They are reportedly interested in John Collins and Aaron Gordon and have held discussions with Orlando on Gordon. They can offer Rubio ($17 million) and Ed Davis ($5 million) to match salaries for Gordon. As far as draft equity, they’re probably out on trading future first-round picks until they are a playoff-caliber team. They’re more likely to trade some of their youth which could include players such as Jarrett Culver, Josh Okogie, and Jake Layman for a veteran like Gordon.
It’s important to keep in mind that Minnesota is currently $2.8 million below the luxury tax but is effectively $3.3 million below thanks to the luxury tax credit they received from the Beasley suspension. That tiny $555,554 in relief can make a huge difference and allow them to take in more incoming salary in a trade..
New York Knicks
Should be aggressive
The Knicks should be open for business this month with $15 million in cap space still available. They also have plenty of expiring contracts they could exchange for players who could better fit the team. They could improve the roster for this season while simultaneously taking on bad contracts with draft picks attached. They could talk to a team like the Bucks and Jazz who are slightly over the luxury tax that could look to get under, or the Warriors who are deep in the luxury tax and could use some relief.
New York has a logjam at guard and could spare players like Austin Rivers ($3.5 million) and Elfrid Payton ($4.8 million). They could also offer Frank Ntilikina ($6.2 million) and Kevin Knox ($4.6 million) to a team interested in their upside for a significant upgrade. The Knicks have the luxury of not needing to match salaries, which makes trading for expensive players such as Victor Oladipo or Andre Drummond easy to accomplish.
If they want to make a major splash, they could offer one of their own first-round picks, or one they’re owed by Dallas. With the Mavericks potentially looking like a play-in team, their 2021 first-round pick could look enticing to another team.
Oklahoma City Thunder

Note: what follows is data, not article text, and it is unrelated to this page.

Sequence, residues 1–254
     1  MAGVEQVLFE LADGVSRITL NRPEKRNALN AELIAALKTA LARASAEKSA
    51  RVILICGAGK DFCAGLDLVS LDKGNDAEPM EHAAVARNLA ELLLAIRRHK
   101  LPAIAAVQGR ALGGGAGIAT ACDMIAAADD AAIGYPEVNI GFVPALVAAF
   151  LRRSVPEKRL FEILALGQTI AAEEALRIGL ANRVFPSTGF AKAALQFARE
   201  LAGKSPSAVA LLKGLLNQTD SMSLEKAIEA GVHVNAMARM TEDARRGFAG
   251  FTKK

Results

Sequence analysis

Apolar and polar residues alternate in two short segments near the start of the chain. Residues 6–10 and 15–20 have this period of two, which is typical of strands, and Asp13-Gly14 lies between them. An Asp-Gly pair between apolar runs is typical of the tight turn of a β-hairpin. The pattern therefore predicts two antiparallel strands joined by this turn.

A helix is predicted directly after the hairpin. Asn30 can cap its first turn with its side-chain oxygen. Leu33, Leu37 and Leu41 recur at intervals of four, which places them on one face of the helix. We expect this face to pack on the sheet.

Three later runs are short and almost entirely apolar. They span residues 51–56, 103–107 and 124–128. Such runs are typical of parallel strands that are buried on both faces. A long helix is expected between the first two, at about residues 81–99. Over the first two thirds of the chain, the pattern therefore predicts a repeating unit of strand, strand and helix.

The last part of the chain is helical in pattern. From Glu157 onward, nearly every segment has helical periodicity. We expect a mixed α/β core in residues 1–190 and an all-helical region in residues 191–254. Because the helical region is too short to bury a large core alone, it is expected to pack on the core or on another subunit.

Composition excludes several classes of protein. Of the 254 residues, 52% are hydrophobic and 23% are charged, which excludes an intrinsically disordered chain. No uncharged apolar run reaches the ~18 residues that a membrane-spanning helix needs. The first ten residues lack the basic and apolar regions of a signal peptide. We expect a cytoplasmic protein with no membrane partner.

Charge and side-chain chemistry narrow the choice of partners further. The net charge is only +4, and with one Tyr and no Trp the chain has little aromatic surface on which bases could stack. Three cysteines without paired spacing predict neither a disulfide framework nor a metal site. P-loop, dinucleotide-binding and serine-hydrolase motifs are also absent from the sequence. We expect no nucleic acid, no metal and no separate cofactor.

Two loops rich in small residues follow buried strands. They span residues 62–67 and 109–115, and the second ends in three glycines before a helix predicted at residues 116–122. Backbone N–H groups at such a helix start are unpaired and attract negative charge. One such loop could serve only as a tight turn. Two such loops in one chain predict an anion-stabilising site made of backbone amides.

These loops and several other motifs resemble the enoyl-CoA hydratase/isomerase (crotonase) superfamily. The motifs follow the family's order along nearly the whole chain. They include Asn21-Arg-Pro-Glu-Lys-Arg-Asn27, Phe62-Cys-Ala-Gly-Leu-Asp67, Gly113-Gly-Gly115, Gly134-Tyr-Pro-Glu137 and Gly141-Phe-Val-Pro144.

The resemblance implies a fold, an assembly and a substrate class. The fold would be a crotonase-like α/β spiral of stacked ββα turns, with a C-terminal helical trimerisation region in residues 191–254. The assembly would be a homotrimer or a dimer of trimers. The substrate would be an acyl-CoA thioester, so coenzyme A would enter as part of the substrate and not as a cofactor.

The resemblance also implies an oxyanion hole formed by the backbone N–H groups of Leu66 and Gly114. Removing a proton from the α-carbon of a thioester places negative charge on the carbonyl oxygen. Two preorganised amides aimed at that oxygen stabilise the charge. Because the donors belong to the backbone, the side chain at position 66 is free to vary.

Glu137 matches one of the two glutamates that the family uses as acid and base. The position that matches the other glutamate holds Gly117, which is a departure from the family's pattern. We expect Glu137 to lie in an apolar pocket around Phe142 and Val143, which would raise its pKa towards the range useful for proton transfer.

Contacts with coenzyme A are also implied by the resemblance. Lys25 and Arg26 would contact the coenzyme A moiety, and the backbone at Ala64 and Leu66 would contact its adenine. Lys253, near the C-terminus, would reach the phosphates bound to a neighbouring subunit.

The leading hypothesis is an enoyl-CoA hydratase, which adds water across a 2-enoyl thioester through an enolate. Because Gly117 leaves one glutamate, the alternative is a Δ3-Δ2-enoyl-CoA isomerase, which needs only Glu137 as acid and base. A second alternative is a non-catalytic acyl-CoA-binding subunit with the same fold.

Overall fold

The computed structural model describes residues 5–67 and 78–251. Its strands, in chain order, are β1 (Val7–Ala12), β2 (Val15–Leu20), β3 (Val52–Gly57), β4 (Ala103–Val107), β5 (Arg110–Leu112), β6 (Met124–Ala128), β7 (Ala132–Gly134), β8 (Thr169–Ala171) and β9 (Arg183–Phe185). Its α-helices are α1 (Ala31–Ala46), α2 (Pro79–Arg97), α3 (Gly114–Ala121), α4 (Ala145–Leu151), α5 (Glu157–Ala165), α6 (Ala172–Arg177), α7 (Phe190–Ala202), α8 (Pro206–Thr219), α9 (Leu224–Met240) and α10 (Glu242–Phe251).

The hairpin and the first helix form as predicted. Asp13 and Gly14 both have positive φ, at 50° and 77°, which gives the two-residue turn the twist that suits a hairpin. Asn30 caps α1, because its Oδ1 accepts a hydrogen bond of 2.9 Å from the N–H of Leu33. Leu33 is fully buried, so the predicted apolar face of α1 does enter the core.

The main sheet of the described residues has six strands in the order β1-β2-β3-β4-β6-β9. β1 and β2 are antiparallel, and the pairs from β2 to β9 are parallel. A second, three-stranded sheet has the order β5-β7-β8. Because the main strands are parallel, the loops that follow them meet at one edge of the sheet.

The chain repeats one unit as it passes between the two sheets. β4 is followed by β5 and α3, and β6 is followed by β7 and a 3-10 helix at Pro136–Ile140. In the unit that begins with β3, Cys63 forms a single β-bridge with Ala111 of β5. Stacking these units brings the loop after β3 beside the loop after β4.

Should be aggressive
The Thunder have been wheeling-and-dealing and they are primed to make another trade this month. They have the most flexibility in the league and most possibilities with their several huge trade exceptions, big expiring contracts, and seemingly endless supply of future first-round picks. They can facilitate any type of deal that comes their way. Like the Knicks, the Thunder can give salary relief to teams in the luxury tax.
George Hill ($9.6 million) and Trevor Ariza ($12.8 million) are veterans that could be acquired for the right price. Oklahoma City has gotten sufficient draft value for every good veteran they’ve traded. Al Horford ($27.5 million) has rehabilitated his value after his strange season in Philadelphia and could help many competitive teams right now. His high salary and the Thunder’s high price demand could delay a trade involving him until the offseason.
They have enough draft equity to acquire a foundational player. For example, they could easily meet Atlanta’s demands for John Collins and, if they want him, could make the best offer on the market with multiple future first-round picks. While it’s arguably too early for the Thunder to make a consolidation trade like that, they also can’t possibly keep and make a selection with every single draft pick they’re owed. If they could turn some of those picks into a great player they covet who is very young, they should consider it.
Could go either way
After a promising start to the season, the Hawks have slid to 16-20 and are out of the play-in. It’s hard to see how replacing Lloyd Pierce with Nate McMillan improves things in the long run, but the return of Bogdan Bogdanovic and eventually DeAndre Hunter will help tremendously. If the Hawks front office has a strong conviction about the strength of their roster, it seems unlikely that they’ll make any significant moves with the expectation that McMillan will turn things around.
All eyes will be on John Collins ($4.1 million) this month. His future in Atlanta has been on watch since not coming to an agreement on a rookie-scale extension with them. According to Shams Charania, the Hawks are seeking a lottery pick for him, which they could reasonably get. But in a season where there is pressure to make the playoffs, that type of move would surely make them worse.